Jean Dark in Earth Pathways Diary 2017

Earth Pathways 2017

Earth Pathways 2017

Snow Moon Fire
By sunset the snowfall had smoothed out the meadow and in the strange lucid twilight I quickly found the fire basket. Once it was free of snow, and the fire laid, the paper and kindling caught quickly and brightly, flickering sudden orange shadows leaping across the snowy drifts piled up around the hedges. I watch as slowly the logs catch, smouldering then glowing through. The small vigorous fire flickering burnished light across the frozen swathes of firm ice-crusted snow. The hard granular surface of the snow, the result of a single sudden February snowstorm followed by daytime thawing and clear night time freezing, looks like sand, light crisp cold fragile sand. As the evening progresses we feed the fire with dry logs, which begins to melt the snow beneath the fire basket in a blackened oval-shape. The full moon rises above the rooftops and the snowdrifts beyond the fire’s orange-light circle are cast in aquamarine moonlight reflections, catching crystalline ice sparkles in sharp blueness. The full moon night is twinkling clear cold, colder than it’s been all winter and brighter than it’s been all month, glowing in harmony with our Imbolc fire.

Illustration – “Winter Trees” © Caroline Salter 2013

 Jean Dark
Earth Pathways Diary
9th January 2017


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WTF Have They Done To The Moon

SHARE if you like sky-clad witches in the moonlight.

The moon is our closest most visible heavenly body and has had influence on human culture for millennia. The moon is seen as a source of divination and knowledge.  There are dozens of known Moon Goddesses across the world and across time. There are goddesses of the full moon, the dark moon, waxing and waning moons, the blood moon and dragon moon. And all these moon goddesses symbolise a visible change in the  appearance of the physical moon, they are observation distilled into iconic folklore. For instance, a blood moon can be seen in the visible reddening of the moon during the night of a lunar eclipse. The dragon moon describes a solar eclipse, where at the height of the day the sun is devoured in the invisible maw of the moon, day is suddenly turned to night. If you’ve seen a solar eclipse you’ll know what I mean.

The phases of the moon – full/waning/dark/waxing are also directly observable phenomena, and some moon goddesses seem to relate to visible attributes of these lunar phases. For example, Artemis hunter goddess carries the visual echo of the waning moon in the curve of her bow. The taut bowstring showing  her arrow is not yet loosed, a warning of the failing moon. Artemis’ arrows bring swift death to her prey, they are sacrificed and fall to earth, like the impending death of the moon and her disappearance from the sky on the nights of the dark moon. Artemis gives significance to  moonlessness and deepest blackness, as anyone who has ventured into the woods on the dark moons will tell you.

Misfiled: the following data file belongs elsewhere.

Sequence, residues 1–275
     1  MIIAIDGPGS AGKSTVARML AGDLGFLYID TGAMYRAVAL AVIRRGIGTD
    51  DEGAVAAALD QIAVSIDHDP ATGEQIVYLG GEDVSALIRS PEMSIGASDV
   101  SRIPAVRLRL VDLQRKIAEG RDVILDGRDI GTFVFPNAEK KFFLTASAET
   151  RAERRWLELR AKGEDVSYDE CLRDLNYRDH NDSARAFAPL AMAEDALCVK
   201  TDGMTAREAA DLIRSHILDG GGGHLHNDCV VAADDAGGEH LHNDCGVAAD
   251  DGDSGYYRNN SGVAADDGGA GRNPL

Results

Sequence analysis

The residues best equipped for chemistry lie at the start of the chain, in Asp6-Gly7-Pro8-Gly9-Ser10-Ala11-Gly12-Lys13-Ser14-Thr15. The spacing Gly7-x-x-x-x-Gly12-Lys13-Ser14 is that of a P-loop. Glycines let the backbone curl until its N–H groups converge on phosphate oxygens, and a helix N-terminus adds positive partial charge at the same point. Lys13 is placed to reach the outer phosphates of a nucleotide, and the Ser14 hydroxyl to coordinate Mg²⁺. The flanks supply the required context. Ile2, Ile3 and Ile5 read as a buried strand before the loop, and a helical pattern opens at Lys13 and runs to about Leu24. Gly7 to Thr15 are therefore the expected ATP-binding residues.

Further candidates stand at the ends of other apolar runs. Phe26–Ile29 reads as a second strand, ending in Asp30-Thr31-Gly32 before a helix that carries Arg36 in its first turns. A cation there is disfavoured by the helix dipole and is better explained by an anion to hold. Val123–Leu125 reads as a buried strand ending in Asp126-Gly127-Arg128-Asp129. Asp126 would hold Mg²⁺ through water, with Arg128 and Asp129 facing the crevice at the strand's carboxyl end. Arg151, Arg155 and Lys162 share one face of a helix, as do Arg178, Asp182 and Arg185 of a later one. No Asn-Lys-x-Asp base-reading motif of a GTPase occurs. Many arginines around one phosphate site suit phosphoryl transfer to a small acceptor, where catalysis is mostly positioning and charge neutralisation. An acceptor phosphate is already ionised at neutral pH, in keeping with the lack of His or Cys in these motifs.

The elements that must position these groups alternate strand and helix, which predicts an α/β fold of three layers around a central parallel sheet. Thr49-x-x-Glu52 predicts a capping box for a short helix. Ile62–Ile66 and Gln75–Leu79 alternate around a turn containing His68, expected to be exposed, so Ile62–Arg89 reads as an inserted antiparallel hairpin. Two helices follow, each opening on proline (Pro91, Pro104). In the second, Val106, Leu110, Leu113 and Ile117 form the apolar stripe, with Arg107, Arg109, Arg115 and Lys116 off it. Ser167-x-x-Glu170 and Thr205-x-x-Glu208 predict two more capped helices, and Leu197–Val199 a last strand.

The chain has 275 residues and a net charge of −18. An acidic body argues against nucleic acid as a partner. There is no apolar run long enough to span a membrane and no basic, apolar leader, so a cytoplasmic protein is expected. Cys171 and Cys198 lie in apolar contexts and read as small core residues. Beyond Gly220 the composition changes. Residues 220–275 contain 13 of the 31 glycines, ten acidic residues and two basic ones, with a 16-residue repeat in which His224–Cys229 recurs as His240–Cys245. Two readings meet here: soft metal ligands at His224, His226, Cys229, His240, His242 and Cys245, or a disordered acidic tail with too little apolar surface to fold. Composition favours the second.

The full moon evokes the vision of the pregnant full-bellied mother  goddess. Not The Mother of All Goddesses, just Mother, with all her memes of fertility, anticipation, continuity and love. For many witches the full moon riding the night sky is the goddess. The full moon is the bright, almost touchable manifestation of moon energies. The full moon can be both seen and felt. If you want to see a moon goddess, to feel the glow of a divine presence, go out into the night, walk in moon-shadows, wander in the brightness of her shine, and then look up at the full moon beaming, hanging still in reflected light – that is the vision, that is the moon goddess.

On the other hand, there are no goddesses of the blue moon or the green moon or any super moon, and that is because these so-named moons are the invention of the number-crunching cyber age. Data from the NASA cloud reducing divine knowledge to theoretical statistical correlations. See, a blue moon is the occurrence of two full moons in a calendar month, see the problem? A green moon is the occurrence of two dark moons in a calendar  month, which if you think about it in terms of observable lunar events, is totally meaningless. For a start, by definition a dark moon can’t be seen, rises with the sun and is blotted out in the daylight. Also, the calendar month is an artificial time construct devised to enable global institutions to sustain continuity in their commercial dealings – beginning in the late 1700s when England copied France and finally adopted the Gregorian calendar.

So, if you can’t physically see the moon in question, and it’s phase is only relevant  within a modern calendrical context, how does that relate to the traditions of pagan moon worship? Truth is, it doesn’t. All it signifies is that the Moon has been commodified, rationalised, named and branded with spurious adjectives and superlatives. The moon has been turned into an app, that tweets to Facebook that there’s a green hunter super mega moon rising tonight, and that makes you look mystic and interesting – and I mean, everybody likes sky-clad witches in the moonlight.

Jean Dark
October 2016